Man had a few bucket list items during THE Trip. One was to see bears, black and grizzly. Our first chance at seeing a black bear had been a couple of days prior and even though he saw the bear, the photo op was a bust. Man had tried, but, bear was not cooperating. I'll tell ya right now, that his bucket list still includes the grizzly, and I for one, am just fine with that. I was already pushing my luck and comfort zone with my close encounter with the bison and the elk or mule deer that just about ran into Big Butt two days prior in the Canyon Village area.
On June 25, 2011 after lunch in the Mammoth Hot Springs area, we continued our drive around what I am calling the "north loop". Now headed east we are headed for the Tower-Roosevelt area of the park. From the photo below you can see that the rivers are all quite full, they had four times the normal snow fall the winter before in and around Utah, Montana, Wyoming and other northwestern states of the US. Snow was still on the mountain tops and the rivers had not yet crested from the melt off. All that water and the spring green sure made for some beautiful scenery.
There are several areas in the park where we noted there had been fires, some set as controlled burns, others, acts of Mother Nature or careless visitors. Burned areas are dramatic, one can imagine the drama of the event, and the prior beauty. But, it is a time of re-birth as well, and I find it rather fascinating to view the aftermath, the new tiny trees and their pale green beginnings. You can see the lay of the land, pockets of water, maybe paper thin springs and running water that you cannot see through the heavy forests. During our ride from Mammoth Hot Springs to Tower-Roosevelt I spied this area that had burned, and there near the base of this burnt tree, a shelf mushroom. The photo is not the best of the mushroom, but check out the evidence of the fire and the evidence of a forest being re-born.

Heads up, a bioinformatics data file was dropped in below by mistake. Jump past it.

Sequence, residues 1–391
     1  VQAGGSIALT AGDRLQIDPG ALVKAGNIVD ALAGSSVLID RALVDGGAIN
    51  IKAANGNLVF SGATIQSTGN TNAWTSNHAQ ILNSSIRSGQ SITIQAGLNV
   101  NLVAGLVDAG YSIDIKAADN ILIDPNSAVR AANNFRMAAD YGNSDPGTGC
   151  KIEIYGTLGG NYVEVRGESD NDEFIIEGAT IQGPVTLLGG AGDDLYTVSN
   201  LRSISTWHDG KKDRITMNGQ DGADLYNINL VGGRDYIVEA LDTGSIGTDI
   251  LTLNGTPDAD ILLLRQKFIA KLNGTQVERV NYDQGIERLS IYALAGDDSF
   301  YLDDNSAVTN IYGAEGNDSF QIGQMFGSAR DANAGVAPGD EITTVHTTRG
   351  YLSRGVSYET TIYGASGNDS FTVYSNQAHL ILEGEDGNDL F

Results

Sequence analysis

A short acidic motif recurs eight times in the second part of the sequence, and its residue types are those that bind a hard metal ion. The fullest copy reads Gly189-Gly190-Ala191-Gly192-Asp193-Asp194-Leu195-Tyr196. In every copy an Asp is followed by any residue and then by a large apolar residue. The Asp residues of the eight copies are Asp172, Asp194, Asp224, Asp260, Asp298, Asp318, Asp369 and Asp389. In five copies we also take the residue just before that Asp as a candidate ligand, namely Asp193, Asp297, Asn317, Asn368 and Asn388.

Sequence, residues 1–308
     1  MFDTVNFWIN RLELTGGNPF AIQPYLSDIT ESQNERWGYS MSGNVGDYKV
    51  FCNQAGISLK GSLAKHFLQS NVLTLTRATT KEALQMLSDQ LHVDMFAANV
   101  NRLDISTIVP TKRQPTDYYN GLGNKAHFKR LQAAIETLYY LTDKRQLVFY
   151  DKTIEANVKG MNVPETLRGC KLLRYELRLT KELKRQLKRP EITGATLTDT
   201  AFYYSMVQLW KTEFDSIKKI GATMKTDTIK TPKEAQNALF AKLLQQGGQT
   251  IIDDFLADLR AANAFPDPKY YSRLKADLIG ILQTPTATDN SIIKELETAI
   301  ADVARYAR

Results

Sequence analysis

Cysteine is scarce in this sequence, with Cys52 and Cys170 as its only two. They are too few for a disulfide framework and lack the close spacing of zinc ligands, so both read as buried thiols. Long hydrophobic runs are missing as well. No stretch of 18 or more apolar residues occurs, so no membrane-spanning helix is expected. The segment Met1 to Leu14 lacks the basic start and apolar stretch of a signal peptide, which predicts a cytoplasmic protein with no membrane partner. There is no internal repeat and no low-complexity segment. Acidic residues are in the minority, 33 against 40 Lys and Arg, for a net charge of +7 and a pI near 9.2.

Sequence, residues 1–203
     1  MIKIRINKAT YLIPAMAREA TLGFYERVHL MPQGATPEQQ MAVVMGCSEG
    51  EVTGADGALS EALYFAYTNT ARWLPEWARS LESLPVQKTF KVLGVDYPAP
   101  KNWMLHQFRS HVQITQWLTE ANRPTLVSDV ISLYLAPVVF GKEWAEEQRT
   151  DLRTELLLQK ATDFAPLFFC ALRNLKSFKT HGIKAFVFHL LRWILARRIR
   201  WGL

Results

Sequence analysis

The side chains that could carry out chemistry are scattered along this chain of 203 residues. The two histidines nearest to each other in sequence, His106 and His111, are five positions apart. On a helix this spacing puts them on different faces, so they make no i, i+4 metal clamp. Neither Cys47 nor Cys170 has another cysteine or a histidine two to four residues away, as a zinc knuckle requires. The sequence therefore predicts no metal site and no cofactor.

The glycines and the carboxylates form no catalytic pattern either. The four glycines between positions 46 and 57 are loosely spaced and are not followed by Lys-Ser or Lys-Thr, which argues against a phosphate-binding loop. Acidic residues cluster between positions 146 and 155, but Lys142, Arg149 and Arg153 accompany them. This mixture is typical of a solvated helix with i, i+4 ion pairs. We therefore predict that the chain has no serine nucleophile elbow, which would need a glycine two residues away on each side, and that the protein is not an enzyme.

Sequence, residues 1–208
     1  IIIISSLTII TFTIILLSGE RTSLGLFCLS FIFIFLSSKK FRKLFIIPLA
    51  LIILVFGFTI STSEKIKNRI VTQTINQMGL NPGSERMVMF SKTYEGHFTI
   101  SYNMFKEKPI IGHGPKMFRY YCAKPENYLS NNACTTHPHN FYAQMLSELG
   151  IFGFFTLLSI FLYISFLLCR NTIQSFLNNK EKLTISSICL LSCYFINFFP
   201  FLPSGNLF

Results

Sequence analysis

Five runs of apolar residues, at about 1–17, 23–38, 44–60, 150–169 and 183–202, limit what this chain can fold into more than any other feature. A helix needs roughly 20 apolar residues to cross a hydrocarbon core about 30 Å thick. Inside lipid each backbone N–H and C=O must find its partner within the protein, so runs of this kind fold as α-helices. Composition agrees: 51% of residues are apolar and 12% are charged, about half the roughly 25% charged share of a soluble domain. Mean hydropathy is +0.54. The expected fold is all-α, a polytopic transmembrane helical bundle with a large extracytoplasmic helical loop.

We continued on our drive, and not 2 minutes later we saw, yes, here it comes, a BEAR! It was lumbering down the hillside coming directly at the road, and us. And, I had Man do just what they tell you NOT to do, pretty much stop on the roadway, and of course, you block other traffic behind you (cause you know the oncoming traffic has done the same thing - - stopped). There are no shoulders to speak of, so, if you stop, you stop on the road. We wanted to watch bear and of course, Sony and I wanted a photo op. I rolled the window down, and started shooting.
See, here it comes:
Closer, and moving along at a pretty good clip, even though you think of them as lumbering, from our first glance and photo till my last photo, about 3 minutes time.
And, closer yet.
About this point in the photo shoot Mr. or Mrs. Bear was getting pretty close to Big Butt and occupants, which included all 3 yorkies. Taking no chances that said bear would smell said yorkies and become overly interested I gave Man the "let's get outta here NOW" command, and he hit the gas peddle. We were the first vehicle stopped in the queue, so away we went. I tried for one more photo, best of the photo op in some ways, only, missed the head portion, SIGHHH. Only regrets this entire trip, photos missed. If Man had not stepped on the gas quite so hard, oh, never mind! LOL
And, that is our bear story/sighting of the entire trip. Close enough for moi. Total encounter a little over 3 minutes, you just saw ALL the photos I was able to click off. The rest of the time I was in stunned awe!
* By the way, none of these photos were edited as far as size, I most likely had Sony zoomed some when the photos were shot, but, the post photo editing I did with Photoshop consisted only of a bit of auto correct, a little brightness and/or contrast adjustment and maybe a tweak with the sharpness tool. So, yes, that bear came fairly close to the truck and occupants.